The binding of antigens and antibodies has been described in binding strength terms called affinity and avidity. The binding of antigen and antibody is a reversible process, and is known as agglutination.
What is Affinity?
Affinity is the binding strength between an antigen-binding site at the antibody and an antigen. It is the net result of attractive and repulsive forces between an antigen-antibody interaction. It is the degree of association between an antigen epitope and a paratope or antigen-binding site on an antibody.
What is Avidity?
Avidity is the cumulative strength required for the interaction between a multivalent antibody and a multimeric antigen. It is a collection of affinities but holds a larger value than all the affinities combined.
Affinity vs Avidity
|Affinity is the strength required for an interaction between a site of antigen binding at an antibody and an antigen epitope.||Avidity is the total strength required for the interaction between a multivalent antibody and multiple antigenic epitopes.|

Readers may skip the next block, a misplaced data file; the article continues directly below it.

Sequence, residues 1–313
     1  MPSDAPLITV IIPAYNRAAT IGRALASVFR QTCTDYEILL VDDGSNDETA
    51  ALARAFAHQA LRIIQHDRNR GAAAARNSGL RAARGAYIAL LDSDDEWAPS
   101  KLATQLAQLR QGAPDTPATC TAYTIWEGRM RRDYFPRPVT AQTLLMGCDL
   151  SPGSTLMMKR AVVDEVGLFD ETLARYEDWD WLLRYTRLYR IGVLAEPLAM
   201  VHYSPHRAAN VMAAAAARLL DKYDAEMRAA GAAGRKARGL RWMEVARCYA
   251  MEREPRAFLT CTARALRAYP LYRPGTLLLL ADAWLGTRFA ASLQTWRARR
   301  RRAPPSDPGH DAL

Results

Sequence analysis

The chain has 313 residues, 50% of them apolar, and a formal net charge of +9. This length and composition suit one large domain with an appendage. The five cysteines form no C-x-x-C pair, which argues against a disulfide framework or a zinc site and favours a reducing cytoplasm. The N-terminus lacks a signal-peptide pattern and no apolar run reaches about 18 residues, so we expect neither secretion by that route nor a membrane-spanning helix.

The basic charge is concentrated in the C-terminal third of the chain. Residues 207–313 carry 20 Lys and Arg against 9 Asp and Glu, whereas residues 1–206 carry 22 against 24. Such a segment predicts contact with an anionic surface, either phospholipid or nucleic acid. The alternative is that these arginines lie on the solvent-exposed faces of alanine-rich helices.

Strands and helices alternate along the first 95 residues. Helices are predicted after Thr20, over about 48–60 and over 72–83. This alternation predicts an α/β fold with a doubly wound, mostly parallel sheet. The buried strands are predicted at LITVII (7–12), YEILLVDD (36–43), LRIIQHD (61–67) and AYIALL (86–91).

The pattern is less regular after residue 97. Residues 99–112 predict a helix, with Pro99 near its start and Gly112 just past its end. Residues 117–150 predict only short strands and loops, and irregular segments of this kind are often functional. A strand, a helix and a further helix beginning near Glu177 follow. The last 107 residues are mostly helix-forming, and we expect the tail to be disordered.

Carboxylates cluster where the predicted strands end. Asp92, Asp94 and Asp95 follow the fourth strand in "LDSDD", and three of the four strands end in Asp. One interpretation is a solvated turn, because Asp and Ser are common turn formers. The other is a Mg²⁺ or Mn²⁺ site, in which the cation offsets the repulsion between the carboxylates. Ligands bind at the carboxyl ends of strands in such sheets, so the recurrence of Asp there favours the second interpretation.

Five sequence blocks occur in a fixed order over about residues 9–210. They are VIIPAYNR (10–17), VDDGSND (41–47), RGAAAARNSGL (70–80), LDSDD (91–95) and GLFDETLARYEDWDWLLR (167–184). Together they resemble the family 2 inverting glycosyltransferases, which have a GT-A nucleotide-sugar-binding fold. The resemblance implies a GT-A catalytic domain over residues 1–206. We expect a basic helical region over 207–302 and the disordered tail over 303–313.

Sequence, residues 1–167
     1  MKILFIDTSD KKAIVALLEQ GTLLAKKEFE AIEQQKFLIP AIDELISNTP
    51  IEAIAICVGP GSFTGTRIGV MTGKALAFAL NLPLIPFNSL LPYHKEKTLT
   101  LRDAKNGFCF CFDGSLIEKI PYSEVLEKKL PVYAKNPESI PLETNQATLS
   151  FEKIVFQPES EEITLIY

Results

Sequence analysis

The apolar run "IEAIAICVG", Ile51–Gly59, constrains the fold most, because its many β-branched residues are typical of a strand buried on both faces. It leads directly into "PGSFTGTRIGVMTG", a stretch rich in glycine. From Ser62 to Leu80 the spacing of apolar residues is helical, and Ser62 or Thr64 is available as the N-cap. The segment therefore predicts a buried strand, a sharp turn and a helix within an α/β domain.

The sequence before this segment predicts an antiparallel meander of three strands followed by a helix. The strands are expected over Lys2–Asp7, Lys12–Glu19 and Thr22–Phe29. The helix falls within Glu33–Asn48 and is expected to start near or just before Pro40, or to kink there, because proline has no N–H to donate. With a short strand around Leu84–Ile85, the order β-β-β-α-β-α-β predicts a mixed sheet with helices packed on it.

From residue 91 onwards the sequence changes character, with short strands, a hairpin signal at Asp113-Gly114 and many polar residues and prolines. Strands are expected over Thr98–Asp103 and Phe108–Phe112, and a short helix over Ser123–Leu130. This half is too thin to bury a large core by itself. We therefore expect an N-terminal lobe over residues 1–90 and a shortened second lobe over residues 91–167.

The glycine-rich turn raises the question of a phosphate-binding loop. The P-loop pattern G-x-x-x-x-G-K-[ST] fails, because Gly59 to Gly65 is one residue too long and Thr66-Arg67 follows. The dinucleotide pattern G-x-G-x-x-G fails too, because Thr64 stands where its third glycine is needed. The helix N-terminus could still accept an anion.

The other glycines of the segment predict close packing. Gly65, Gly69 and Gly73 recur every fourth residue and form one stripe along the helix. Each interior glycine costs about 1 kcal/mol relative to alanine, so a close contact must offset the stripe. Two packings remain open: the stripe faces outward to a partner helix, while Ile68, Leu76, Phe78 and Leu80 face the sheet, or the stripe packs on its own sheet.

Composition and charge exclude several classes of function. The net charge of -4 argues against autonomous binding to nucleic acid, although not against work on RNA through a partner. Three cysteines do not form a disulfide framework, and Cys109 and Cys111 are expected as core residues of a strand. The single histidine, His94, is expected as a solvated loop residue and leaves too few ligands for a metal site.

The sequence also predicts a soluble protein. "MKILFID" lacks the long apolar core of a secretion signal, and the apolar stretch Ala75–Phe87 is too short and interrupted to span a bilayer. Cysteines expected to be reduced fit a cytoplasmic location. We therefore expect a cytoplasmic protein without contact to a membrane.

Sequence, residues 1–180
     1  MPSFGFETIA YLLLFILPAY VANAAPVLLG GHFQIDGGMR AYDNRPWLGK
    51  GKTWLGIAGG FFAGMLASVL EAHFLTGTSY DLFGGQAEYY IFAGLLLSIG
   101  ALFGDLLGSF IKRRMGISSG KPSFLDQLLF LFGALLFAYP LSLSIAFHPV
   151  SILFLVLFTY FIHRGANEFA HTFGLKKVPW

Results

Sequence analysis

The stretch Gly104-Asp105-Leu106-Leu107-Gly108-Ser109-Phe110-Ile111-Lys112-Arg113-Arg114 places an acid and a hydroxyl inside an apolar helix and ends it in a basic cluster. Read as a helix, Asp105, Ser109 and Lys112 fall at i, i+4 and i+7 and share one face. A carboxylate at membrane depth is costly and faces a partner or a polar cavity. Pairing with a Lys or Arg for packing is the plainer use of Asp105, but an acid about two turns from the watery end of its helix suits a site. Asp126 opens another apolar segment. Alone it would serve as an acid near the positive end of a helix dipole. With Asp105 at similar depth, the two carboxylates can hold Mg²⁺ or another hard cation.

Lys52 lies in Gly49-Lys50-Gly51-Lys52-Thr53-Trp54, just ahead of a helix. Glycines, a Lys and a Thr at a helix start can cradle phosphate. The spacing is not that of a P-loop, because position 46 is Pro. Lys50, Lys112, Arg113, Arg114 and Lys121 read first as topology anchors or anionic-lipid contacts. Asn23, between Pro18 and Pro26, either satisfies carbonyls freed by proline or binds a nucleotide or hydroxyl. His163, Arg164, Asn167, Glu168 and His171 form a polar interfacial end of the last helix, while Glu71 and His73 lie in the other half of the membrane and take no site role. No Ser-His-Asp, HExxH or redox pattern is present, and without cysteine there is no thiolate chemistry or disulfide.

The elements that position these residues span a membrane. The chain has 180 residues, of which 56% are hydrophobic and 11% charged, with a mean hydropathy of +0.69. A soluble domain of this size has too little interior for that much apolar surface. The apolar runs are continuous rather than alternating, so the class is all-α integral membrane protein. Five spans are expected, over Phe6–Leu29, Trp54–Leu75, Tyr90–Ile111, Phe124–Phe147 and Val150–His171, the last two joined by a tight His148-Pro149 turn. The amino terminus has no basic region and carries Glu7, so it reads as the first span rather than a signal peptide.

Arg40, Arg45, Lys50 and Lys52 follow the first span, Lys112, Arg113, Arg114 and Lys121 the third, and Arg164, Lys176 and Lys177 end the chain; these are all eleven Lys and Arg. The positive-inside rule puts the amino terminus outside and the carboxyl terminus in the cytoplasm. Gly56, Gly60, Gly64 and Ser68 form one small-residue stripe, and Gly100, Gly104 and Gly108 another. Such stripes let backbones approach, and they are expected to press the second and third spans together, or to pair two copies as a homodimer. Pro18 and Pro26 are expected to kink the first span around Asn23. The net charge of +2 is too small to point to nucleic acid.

|It is the strength between a single antigen-binding site on an antibody and an epitope of an antigen.||It is the total binding strength between multimeric antigen-antibody reactions.|
|It is a balance between attractive and repulsive forces.||It is larger than the sum of all affinities combined.|
Visit BYJU’S Biology to learn more.
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Frequently Asked Questions
What is the difference between antigen affinity and avidity?
Affinity is the interaction between a single antigen binding site at the antibody and an antigen epitope, whereas avidity is the total strength of interaction between a multimeric antigen and a multivalent antibody.
What are the applications of avidity?
The avidity test for rubella, HIV, hepatitis and Epstein-Barr Virus (EBV) can be used to detect acute, recurrent or past infections by checking the avidity of IgG.